The hearings, which are seen as crucial to the future of the accountancy profession, were the second in a series of three. Butler had been due to appear in one of the afternoon slots, which he would have been sharing with five other witnesses. The panel has been allotted a total of 15 minutes to argue its case. Butler had earlier requested a morning slot as he was due to leave for a partners’ meeting in Germany.
In a letter to Arthur Levitt, SEC chairman, Butler reportedly wrote: ‘The few minutes the Commission has allotted me demonstrate that the Commission is not seriously interested in hearing my views.’
The SEC has argued that it had done its best to accommodate the many witnesses’ diverse scheduling needs.
Graham Ward, president of the English ICA, is due to go before the hearings later today. He will have a full thirty minutes, shared with only one other witness, to present his argument.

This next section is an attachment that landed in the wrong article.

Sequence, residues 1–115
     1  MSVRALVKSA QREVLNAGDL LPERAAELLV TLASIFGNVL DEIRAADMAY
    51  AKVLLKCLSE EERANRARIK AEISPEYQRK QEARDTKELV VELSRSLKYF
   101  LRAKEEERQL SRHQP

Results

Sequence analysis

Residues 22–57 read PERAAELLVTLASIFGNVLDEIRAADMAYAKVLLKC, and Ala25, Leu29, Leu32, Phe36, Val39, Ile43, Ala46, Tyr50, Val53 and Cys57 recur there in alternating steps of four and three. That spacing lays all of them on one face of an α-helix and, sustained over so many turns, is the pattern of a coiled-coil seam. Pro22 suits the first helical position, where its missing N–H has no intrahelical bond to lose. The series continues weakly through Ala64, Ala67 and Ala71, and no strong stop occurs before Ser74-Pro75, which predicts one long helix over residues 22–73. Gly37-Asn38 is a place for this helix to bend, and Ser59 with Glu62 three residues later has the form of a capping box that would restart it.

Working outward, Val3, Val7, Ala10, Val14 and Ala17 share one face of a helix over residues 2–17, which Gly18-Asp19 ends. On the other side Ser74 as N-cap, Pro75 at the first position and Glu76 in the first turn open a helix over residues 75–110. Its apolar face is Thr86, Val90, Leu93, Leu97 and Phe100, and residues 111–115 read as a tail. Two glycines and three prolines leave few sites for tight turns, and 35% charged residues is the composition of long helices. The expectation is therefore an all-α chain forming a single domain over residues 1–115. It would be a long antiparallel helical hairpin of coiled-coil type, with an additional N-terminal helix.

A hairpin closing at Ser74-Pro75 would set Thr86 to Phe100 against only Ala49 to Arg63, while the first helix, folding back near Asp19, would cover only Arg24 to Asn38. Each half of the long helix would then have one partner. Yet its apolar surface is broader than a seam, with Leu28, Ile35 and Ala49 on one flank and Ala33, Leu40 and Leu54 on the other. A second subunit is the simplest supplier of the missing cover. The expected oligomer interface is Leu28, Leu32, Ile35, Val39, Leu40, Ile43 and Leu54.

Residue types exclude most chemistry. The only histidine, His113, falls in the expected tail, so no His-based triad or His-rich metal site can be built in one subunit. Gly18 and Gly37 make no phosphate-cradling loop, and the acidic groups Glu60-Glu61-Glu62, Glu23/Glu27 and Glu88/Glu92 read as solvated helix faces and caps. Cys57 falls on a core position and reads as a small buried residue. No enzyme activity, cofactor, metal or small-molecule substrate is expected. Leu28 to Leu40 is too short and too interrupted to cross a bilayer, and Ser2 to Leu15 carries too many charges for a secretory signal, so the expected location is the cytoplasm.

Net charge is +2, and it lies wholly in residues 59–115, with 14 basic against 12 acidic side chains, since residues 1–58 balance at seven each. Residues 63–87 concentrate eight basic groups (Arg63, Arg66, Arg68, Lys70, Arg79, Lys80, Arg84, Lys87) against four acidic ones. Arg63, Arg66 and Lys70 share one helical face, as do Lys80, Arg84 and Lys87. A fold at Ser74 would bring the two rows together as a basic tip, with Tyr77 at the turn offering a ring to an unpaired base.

Andrew Tyrie airs views on the Finance Bill, 'Making Tax Policy Better' report, and Brexit
In our latest managing partner Q&A looking towards 2017, CVR Global's Richard Toone talks about recruitment, and the potential threat of competition from the legal sector, as key issues for the firm in the coming year
Deloitte to avoid tendering for government contracts over the next six months, to appease Theresa May following consultant's report that painted a less-than-flattering picture of Brexit plans
In our first Q&A looking towards 2017, Menzies senior partner Julie Adams flags up increasing digitisation, aligned with more hands-on consultative services, as the key mix for her practice